This is the third edition of this book. I own the previous two editions—giving the second edition to my students at James Madison University. I would be remiss if I did not direct your attention to both the change in title and substance. First, in this third edition, the change in title from The Active Classroom to The InterActive Classroom is significant. Teachers and students can be active and not interactive. The emphasis on interactive speaks to the value Ron Nash places on the collaborative nature of learning. Second, Ron elevates the role of the teacher in this collaborative learning. By making learners’ thinking visible, teachers must constantly evaluate their impact on student learning, reflect on their decisions as a teacher, and adjust when necessary to further enhance growth and achievement. These two changes will raise the bar on interactive classrooms.

    Before leaving you to your own reading, reflecting, and revising of your own classroom, I want to share something personal with you. Ron Nash is my colleague, but perhaps more importantly, he is my friend. I have had the pleasure of sitting in a “classroom” and learning from Ron. He “practices what he preaches” as he creates a learning environment that embodies what he means when he says The InterActive Classroom. There are students across the globe who are better at reading, writing, and arithmetic because of Ron Nash. There are instructional leaders and teachers across the globe who are better in their schools and classrooms because of Ron Nash. He changed the way I set up my classroom. Although I cannot speak for them, I feel confident saying that my students are grateful. When I look at my two children, I see that they love their schools, teachers, and learning because they are blessed to be in an interactive classroom.

    My hope is that you will interact with the concepts, ideas, skills, and processes in this book and experience the same success. Your learners deserve it. You deserve it too!

    John Almarode, PhDAssociate Professor of Education, James Madison UniversityDirector, Content Teaching AcademyCodirector, Center for STEM Education and Outreach

    Acknowledgments

    Looking back over several decades in education, it occurs to me that I must thank the teachers, administrators, and others who have shared their expertise and experience with me as a matter of course. My most rewarding years in the classroom were shared with my fellow members of the Apple Team at Plaza Middle School in Virginia Beach, Virginia, from 1992 through 1994. My colleagues in central office in Virginia Beach taught me a great deal about teaching and learning from 1994 until I retired in 2007. A special thank you goes out to Kay Burke, a wonderful author, consultant, and friend; Kay introduced me to the great team at Corwin Press, and that opened the door to a dozen years as an author and presenter.

    I thank the educators who contributed to all three editions of this book with lessons and other information from their classrooms: Diana Abil-Mona, Jeff Bonine, Elise Brune, Lisa Crooks, Kathy Galford, Jennifer Henry, Melissa Martini, and Terri Myers. Thanks to Dianne Kinnison and Brian T. Jones for their wonderful illustrations.

    Many thanks to Jessica Allan, Mia Rodriguez, and Lucas Schleicher at Corwin. Their ideas, guidance, expertise, and patience made it possible for me to complete this third edition of The InterActive Classroom.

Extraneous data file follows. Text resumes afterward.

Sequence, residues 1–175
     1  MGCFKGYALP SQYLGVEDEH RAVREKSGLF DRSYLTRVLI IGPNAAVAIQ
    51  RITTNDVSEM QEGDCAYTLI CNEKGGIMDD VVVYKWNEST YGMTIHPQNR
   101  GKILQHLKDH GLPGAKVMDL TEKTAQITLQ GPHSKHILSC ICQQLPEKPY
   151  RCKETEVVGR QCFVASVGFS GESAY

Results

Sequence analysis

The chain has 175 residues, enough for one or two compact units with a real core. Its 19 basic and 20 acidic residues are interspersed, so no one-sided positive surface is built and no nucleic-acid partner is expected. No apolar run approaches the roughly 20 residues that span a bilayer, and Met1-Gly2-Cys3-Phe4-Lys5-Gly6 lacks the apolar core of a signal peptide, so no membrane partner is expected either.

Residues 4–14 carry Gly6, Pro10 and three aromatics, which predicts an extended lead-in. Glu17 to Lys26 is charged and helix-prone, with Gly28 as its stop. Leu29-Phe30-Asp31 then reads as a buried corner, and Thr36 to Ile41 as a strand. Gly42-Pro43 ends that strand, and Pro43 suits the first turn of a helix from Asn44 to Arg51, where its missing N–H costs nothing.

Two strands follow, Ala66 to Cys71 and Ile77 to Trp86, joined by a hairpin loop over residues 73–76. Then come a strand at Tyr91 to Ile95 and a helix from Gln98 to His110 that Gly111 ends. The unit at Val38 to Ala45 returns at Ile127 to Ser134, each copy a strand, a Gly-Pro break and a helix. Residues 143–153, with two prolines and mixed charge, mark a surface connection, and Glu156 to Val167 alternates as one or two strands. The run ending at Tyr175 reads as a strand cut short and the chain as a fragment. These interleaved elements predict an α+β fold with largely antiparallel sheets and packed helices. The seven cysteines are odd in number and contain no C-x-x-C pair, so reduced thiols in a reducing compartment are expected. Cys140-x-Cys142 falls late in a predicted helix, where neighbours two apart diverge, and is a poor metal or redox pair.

Finally, I would like to thank my wife, Candy, for readily agreeing to my early retirement from the Virginia Beach Schools in 2007 so I could follow my dream of writing, consulting, and presenting.

    About the Author

    Ron Nash’s professional career in education has included teaching social studies at the middle and high school levels. He also served as an instructional coordinator and organizational development specialist for the Virginia Beach City Public Schools (VBCPS) for 13 years. In that capacity, Ron trained thousands of teachers and other school division employees in such varied topics as classroom management, instructional strategies, presentation techniques, customer service, and process management. After Ron’s retirement from VBCPS in 2007, he founded Ron Nash and Associates, Inc., a company dedicated to working with teachers in the area of brain-compatible learning. He is the author of 16 books for teachers and administrators. Originally from Pennsylvania, Ron and his wife, Candy, a former French teacher and administrator, have lived in Virginia Beach for the past 35 years. Ron can be reached through his website at www.ronnashandassociates.com.

    Unique Features of this Book

    This third edition of The InterActive Classroom contains features not found in the first two editions of the book. The larger trim size and lay-flat binding allows the reader to write in the margins and provide answers to questions throughout the book and, specifically, at the end of each chapter. The book should lay flat on a desk or table, allowing the reader to write easily where room has been provided.

    Also, teachers get caught up in the content and grand strategy of lesson design, and tactical considerations often get overlooked. Each chapter contains tactical tips related to that content. Here is an example from Chapter 5 on “Presenting With Confidence.” The tips are process related and can be used in any classroom.

    Also, there is a feature called “The InterActive Classroom at a Glance” that is now available online. I have always recommended that teachers observe colleagues in classrooms throughout the building or district. Teachers tend to stay pretty insulated from what is going on elsewhere, and this means much of the great teaching and learning happening in other classrooms goes unobserved and overlooked by colleagues who could benefit from such observations. This online feature contains specific “look fors” that highlight the differences between passive classroom environments and those that are more interactive.

    The emphasis throughout the book is on practicality. Teachers want things they can use tomorrow. The third edition of The InterActive Classroom provides engagement strategies, poses questions (rhetorical and otherwise), and presents “Tactical Tips” intended to help classrooms run smoothly.

  • Notes